thesis or dissertation chair
- Ahmed, Md Salauddin
Drug-resistant pathogens are emerging rapidly and thwart the treatment of common bacterial infectious diseases that can lead to death. Many contagious diseases remain difficult to treat because of acquired drug resistance. Compared to small antibiotics, which interrupt the intracellular biochemical processes, antimicrobial polymers with relatively high molecular weights offer a promising strategy to overcome drug resistance by disrupting the physical integrity of the membrane. Because of the unique mechanism, bacteria need a much longer time to develop resistance.
A new class of antimicrobial polymer in which the positive charge and hydrophobic/hydrophilic units are linearly connected in the amidinourea backbone was designed, synthesized, and tested for various bacteria including methicillin-resistant Staphylococcus aureus (MRSA). We evaluated the effects of hydrophobicity and polymer molecular weights on antimicrobial activity by measuring minimum inhibitory concentrations (MIC) and hemolytic activities (HC50). Amidinourea antimicrobial polymers exhibit a promising MIC90 value (13 μg/mL) with low HC50, resulting in high selectivity (HC50/MIC90) against MRSA.
Many bacteria have developed resistance against Ciprofloxacin. To overcome the antibiotic resistance associated with Ciprofloxacin, we hypothesized that a steady release of Ciprofloxacin at the bacteria membrane can overcome the drug resistance because the local drug concentration can be overwhelmingly high to suppress the drug efflux pump expressed on the membrane. A series of homo and di-block copolymers containing Ciprofloxacin, as the form of prodrugs, was synthesized using ring-opening metathesis polymerization (ROMP), and we evaluated their antimicrobial efficacy.While homo polymers only containing Ciprofloxacin were inactive against almost all bacteria tested, di-block copolymers containing Cipro and triphenylphosphine exhibited some antimicrobial activity against wild type M. smegmatis.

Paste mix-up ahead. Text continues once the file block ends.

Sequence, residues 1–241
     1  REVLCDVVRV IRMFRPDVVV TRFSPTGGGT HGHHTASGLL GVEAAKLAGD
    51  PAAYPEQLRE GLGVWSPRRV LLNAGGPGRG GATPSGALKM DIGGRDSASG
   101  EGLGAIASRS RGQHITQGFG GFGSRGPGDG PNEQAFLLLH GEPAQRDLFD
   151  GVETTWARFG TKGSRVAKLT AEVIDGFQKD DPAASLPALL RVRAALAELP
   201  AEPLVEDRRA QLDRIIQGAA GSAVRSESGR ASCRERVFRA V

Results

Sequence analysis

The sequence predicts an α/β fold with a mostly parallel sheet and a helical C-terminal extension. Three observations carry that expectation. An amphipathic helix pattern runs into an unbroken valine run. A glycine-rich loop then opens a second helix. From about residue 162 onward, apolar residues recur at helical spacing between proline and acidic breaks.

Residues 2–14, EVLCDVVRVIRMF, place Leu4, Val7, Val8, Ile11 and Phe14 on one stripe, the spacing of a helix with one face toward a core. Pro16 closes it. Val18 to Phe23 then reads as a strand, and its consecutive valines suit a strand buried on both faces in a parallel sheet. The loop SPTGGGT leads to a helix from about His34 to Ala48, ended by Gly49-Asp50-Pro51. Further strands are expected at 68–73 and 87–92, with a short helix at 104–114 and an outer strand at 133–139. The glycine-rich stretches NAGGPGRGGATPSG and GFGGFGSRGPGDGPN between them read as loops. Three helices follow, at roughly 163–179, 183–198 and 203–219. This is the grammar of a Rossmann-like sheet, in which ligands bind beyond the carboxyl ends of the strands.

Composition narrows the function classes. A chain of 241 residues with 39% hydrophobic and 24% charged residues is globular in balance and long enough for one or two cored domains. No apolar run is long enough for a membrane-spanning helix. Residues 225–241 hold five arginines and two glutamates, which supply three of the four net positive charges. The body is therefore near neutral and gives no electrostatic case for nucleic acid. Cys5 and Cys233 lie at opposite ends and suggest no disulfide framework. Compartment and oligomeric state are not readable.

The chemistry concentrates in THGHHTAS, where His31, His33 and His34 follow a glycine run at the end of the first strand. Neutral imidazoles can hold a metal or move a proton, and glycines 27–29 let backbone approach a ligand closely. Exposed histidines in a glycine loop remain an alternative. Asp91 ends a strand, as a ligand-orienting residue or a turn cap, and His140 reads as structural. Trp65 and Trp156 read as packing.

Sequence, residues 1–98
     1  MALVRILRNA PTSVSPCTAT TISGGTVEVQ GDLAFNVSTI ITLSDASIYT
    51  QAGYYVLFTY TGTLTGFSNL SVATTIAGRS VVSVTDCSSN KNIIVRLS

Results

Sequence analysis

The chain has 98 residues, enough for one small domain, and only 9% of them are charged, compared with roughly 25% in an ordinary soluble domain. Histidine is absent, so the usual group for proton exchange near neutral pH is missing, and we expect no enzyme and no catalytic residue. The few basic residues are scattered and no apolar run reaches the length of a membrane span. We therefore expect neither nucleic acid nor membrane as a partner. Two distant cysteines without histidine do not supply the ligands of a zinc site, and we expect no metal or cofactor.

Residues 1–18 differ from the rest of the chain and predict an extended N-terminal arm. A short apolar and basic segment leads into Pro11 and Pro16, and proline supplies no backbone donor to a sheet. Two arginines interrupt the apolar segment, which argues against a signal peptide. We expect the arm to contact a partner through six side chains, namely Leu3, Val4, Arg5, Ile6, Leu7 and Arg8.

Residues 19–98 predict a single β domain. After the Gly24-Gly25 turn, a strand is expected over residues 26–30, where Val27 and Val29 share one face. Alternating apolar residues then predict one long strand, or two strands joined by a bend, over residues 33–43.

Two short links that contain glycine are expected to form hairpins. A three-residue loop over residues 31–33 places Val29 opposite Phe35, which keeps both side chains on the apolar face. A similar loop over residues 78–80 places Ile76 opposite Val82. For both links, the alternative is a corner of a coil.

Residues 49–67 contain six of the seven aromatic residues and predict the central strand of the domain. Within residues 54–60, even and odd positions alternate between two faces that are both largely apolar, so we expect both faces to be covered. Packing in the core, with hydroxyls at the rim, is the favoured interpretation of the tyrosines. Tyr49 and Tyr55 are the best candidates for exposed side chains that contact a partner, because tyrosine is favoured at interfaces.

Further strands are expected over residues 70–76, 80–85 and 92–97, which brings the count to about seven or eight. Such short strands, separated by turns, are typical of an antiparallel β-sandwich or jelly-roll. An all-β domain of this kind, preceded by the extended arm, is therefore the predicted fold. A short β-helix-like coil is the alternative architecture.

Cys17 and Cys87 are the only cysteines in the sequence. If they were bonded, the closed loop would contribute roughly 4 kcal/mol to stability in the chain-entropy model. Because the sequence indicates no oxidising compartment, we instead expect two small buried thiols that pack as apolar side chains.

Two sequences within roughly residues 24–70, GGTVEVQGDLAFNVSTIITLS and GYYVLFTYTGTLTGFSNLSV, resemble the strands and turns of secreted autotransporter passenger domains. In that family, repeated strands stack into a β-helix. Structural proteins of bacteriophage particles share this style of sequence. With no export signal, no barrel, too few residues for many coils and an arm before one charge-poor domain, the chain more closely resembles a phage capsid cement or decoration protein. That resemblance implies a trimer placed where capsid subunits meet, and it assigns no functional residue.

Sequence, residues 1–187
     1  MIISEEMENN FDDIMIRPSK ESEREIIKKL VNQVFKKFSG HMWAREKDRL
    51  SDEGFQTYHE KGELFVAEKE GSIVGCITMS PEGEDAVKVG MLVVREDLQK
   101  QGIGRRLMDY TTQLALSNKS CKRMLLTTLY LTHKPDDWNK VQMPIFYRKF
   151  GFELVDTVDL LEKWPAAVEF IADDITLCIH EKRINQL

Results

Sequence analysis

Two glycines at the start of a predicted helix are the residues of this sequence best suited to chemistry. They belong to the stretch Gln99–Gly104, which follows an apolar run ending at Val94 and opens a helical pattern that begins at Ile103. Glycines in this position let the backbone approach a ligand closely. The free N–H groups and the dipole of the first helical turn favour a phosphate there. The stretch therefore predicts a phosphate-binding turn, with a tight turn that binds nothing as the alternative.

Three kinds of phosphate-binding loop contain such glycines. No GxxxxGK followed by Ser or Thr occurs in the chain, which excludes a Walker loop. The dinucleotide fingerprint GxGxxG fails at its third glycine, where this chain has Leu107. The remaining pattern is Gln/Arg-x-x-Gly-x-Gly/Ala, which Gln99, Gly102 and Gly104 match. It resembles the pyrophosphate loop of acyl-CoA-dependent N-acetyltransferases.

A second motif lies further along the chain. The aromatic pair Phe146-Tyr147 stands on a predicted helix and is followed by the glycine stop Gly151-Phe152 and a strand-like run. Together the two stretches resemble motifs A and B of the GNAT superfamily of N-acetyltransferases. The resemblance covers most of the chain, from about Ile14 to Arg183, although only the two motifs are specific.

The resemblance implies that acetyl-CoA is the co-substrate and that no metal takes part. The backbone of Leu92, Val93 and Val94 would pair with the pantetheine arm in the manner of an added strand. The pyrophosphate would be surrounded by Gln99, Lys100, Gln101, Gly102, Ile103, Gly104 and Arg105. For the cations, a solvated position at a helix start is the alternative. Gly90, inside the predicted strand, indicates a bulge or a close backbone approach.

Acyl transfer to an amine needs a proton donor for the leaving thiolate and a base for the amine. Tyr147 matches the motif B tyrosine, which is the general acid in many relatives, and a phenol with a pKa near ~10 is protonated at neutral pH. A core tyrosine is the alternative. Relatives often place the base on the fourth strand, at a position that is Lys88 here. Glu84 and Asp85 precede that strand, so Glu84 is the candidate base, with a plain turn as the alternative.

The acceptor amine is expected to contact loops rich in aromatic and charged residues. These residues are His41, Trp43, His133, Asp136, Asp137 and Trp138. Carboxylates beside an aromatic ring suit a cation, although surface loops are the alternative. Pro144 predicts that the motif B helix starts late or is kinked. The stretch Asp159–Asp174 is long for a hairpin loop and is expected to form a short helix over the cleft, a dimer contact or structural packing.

Modulation of chemical environments at the positively charged polymeric materials can significantly influence the biophysical properties required for efficient cellular interaction and subsequent entry. Using intrinsic fluorescent conjugated polymers (CPs), we have demonstrated that the modulated guanidine group with various hydrophilic or hydrophobic moieties dramatically changed their cellular behaviors. We prepared a series of modified guanidine-containing CPs and examined their cellular behaviors by using confocal microscopic imaging. Details of the modification chemistry and modification-dependent cellular behaviors and a knockdown of a target protein in primary cells were discussed.
- December 6, 2017
- Conjugated polymer
- Gene delivery